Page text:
As you come into Holywell the path becomes a road. After a few houses you'll reach the ring village section. Holywell is one of three examples of an Anglo-Saxon ring village. It's thought the settlement formed from the widening of a track through forest that covered the area. Dwellings were built around the edge, the centre being used for livestock.

Continue straight ahead, ignoring the road on the right, and then after 250 yards another on the left. After 400 yards the road turns to the right. Holywell front and a view of the River Great Ouse is a further 150 yards.


Point 3
On the left is the Old Ferry Boat Inn, pictured in the image at the top of this walk. It claims to be the oldest pub in England. Alcohol has been served at this location from as early as 560AD. The foundations of the current building date from about 660AD, the building itself from the 1600s.

The pub boasts a ghost, that of a young girl named Juliet Tewsley. She committed suicide in 1050AD after being jilted by her lover. A stone slab in the pub is thought to be the location of her grave. The ghost is said to appear every year on 17 March.

W F Garden lived at the Inn for seventeen years, until his death in 1921. He painted beautiful local watercolour scenes and, having fallen on hard times, paid his bills with paintings. His death is attributed to a fall down stairs at the Inn.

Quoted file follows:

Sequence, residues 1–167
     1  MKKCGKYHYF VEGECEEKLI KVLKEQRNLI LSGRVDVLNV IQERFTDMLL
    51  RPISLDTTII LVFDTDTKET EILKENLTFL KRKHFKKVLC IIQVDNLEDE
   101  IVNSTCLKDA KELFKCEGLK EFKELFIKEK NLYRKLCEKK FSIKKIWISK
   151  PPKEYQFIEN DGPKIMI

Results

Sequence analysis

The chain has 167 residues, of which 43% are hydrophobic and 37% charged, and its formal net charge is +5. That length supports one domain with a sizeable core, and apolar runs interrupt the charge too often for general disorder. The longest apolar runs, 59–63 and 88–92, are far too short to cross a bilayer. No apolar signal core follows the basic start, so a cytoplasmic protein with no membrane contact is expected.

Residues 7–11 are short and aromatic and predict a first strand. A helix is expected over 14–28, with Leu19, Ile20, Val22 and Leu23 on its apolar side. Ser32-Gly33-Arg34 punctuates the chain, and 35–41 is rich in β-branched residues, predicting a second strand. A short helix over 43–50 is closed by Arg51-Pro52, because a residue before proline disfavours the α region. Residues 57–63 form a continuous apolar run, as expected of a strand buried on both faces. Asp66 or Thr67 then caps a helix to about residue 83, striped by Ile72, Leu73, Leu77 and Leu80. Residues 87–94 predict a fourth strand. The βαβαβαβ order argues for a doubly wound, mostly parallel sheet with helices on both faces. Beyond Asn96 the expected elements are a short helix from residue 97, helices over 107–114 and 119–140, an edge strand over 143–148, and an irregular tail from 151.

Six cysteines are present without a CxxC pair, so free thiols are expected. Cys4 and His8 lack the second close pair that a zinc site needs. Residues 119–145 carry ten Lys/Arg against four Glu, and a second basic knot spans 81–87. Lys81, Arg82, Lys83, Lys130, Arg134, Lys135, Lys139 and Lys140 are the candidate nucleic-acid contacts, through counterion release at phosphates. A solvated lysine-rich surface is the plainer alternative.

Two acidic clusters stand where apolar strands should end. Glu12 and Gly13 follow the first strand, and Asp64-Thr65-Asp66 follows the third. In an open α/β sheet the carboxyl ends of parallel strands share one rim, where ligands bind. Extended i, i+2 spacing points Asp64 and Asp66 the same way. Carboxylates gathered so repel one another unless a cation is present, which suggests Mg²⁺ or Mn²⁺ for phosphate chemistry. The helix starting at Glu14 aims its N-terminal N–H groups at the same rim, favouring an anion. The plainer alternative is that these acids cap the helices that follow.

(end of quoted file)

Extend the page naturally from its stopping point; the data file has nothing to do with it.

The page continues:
In past years the pub had the right to operate a ferry across the River Great Ouse to Fen Drayton. It is reputed that Hereward the Wake used the ferry to escape from William the Conqueror after the Battle of Hastings in 1066. Since Hereward had his stronghold on the Isle of Ely, there is a ring of truth to this.

The location of the pub and its interior make it a very pleasant spot to stop for refreshments or lunch, particularly if you can get a seat on the terrace overlooking the river. Just a pity it doesn't get better reviews on Trip Advisor.

Continue the walk by heading along Holywell front, keeping the houses on your right. They're built on a gravel bank several feet above the level of the flood plain. The River Great Ouse occasionally floods to half way up the bank in winter, as shown in the image above. This aspect must be one of the most attractive views of any village in Cambridgeshire, with the buildings dating as early as the 1500s.